Goring Gap development plans refused by Worthing Planning Committee

Goring Gap development plans refused by Worthing Planning Committee

Proposals to build almost 500 homes on part of Goring Gap have been refused by Worthing Borough Council as the authority underlined its commitment to protect the town’s green gaps.

In August last year developer Persimmon submitted an outline planning application to build 475 homes on the land known as Chatsmore Farm, near Goring Railway Station.

On Wednesday, March 10 the planning committee refused the bid, with councillors stating the development would negatively impact the landscape and the setting of the South Downs National Park.

They also cited concerns over green space protection, infrastructure and blurring the identities of the Goring and Ferring communities.

The refusal follows the Council’s decision to designate Chatsmore Farm as a protected green space in the Draft Worthing Local Plan.

Cllr Paul High, Chairman of the Worthing Planning Committee, said: “We recognise the value that this much-loved, green open space provides to the community.

“The committee listened to the voices of residents and stakeholders, which is why we overwhelmingly rejected this application.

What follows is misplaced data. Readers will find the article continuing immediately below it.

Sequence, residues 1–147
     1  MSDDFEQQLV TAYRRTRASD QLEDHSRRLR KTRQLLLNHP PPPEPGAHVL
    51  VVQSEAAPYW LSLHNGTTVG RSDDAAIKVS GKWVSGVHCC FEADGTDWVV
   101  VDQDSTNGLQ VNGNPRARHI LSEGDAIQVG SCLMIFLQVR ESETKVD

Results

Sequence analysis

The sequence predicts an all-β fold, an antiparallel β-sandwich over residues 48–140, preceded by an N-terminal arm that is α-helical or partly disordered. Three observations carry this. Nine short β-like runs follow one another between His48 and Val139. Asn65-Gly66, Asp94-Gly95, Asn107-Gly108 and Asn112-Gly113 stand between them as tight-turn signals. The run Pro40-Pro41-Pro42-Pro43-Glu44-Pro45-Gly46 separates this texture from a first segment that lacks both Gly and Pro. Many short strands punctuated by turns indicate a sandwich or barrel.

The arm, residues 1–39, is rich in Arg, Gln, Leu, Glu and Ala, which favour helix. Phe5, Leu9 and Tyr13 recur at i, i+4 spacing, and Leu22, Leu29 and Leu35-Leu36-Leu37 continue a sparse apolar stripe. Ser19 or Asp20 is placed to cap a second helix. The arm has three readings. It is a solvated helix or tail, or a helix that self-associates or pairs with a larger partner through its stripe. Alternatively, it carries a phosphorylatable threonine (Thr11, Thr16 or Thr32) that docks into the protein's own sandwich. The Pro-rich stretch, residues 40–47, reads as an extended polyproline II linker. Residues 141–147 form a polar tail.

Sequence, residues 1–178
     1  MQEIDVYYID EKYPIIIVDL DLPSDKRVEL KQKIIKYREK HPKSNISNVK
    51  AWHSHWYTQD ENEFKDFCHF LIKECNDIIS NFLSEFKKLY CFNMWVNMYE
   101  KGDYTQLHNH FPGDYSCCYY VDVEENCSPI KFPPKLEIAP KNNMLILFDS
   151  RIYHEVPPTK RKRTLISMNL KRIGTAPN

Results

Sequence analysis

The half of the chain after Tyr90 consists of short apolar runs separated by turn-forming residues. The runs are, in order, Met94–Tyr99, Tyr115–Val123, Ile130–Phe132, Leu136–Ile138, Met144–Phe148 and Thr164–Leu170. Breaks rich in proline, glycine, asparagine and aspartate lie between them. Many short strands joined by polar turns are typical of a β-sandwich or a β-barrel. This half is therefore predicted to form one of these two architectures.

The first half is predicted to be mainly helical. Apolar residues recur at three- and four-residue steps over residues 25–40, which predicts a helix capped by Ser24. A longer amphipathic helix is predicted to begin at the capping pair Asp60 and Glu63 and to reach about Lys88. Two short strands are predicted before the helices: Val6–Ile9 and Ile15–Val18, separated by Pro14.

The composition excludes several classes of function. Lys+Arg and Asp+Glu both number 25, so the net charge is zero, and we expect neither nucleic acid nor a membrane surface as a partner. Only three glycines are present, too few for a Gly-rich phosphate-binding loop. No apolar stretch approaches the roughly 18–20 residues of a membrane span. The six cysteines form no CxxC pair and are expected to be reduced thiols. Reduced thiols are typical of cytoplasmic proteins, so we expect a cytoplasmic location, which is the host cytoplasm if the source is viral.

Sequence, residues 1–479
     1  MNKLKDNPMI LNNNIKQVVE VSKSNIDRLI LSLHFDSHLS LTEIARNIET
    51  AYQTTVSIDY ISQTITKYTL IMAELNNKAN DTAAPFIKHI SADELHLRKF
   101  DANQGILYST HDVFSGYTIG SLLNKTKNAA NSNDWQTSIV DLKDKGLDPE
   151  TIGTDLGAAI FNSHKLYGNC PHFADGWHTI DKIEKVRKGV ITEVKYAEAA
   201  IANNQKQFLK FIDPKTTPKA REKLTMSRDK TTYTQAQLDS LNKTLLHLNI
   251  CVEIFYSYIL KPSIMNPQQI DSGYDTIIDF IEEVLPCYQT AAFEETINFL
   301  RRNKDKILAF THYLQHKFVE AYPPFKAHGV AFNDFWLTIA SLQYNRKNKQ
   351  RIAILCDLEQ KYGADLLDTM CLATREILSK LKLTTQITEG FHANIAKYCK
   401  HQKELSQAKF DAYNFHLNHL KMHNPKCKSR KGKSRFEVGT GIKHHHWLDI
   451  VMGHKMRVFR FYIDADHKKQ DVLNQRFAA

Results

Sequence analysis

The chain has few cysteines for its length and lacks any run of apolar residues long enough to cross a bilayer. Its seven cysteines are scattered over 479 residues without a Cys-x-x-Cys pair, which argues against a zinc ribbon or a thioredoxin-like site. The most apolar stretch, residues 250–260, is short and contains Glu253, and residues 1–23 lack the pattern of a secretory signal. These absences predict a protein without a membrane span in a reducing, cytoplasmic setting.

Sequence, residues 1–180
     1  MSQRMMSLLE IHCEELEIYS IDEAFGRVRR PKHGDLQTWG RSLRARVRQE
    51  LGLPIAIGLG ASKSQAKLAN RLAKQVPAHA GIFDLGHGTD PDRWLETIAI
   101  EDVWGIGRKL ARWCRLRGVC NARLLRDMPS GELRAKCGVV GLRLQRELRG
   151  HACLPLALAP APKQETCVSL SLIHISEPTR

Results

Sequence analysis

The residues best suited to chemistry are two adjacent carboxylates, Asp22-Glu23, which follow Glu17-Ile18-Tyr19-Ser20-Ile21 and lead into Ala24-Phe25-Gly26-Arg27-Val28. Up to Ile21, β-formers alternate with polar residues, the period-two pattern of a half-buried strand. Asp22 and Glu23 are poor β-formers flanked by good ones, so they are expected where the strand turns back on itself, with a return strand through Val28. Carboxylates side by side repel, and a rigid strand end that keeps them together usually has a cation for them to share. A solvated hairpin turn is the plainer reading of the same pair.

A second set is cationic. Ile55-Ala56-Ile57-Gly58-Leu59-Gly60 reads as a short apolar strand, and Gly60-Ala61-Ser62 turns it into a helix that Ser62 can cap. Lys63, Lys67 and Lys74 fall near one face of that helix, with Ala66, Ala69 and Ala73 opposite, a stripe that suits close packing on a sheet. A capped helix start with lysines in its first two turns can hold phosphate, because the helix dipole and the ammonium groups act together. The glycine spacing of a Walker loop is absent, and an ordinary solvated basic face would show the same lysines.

“We have made it clear in the Local Plan that we want to protect this space for residents and visitors now and for future generations to come, and I’m pleased the committee refused this development.”

Chatsmore Farm is currently used for agricultural purposes and sits north west of the railway station. It is bordered by the railway line to the south, Goring Street and the A259 to the east, and the Ferring Rife stream to the north.

More than 1,200 residents objected to the proposals, with various action groups and organisations also voicing their concerns.

The Goring Residents Association argued surrounding roads could not accommodate overspill parking, should insufficient parking provision not have been provided for residents and visitors on the development site.

Fears were raised about the visual presence of the build, including by the South Downs National Park Authority, which stated the development had the potential to detrimentally impact the setting of the nearby National Park.

Councillors listened to these concerns and also referenced the current Worthing Core Strategy and draft Local Plan, both of which list Chatsmore Farm as a place not allocated for development.

The site is instead given Local Green Space allocation, which allows communities to identify and protect green spaces which are of particular importance to them; and a Local Green Gap allocation, which helps to preserve the separate characters of different settlements.


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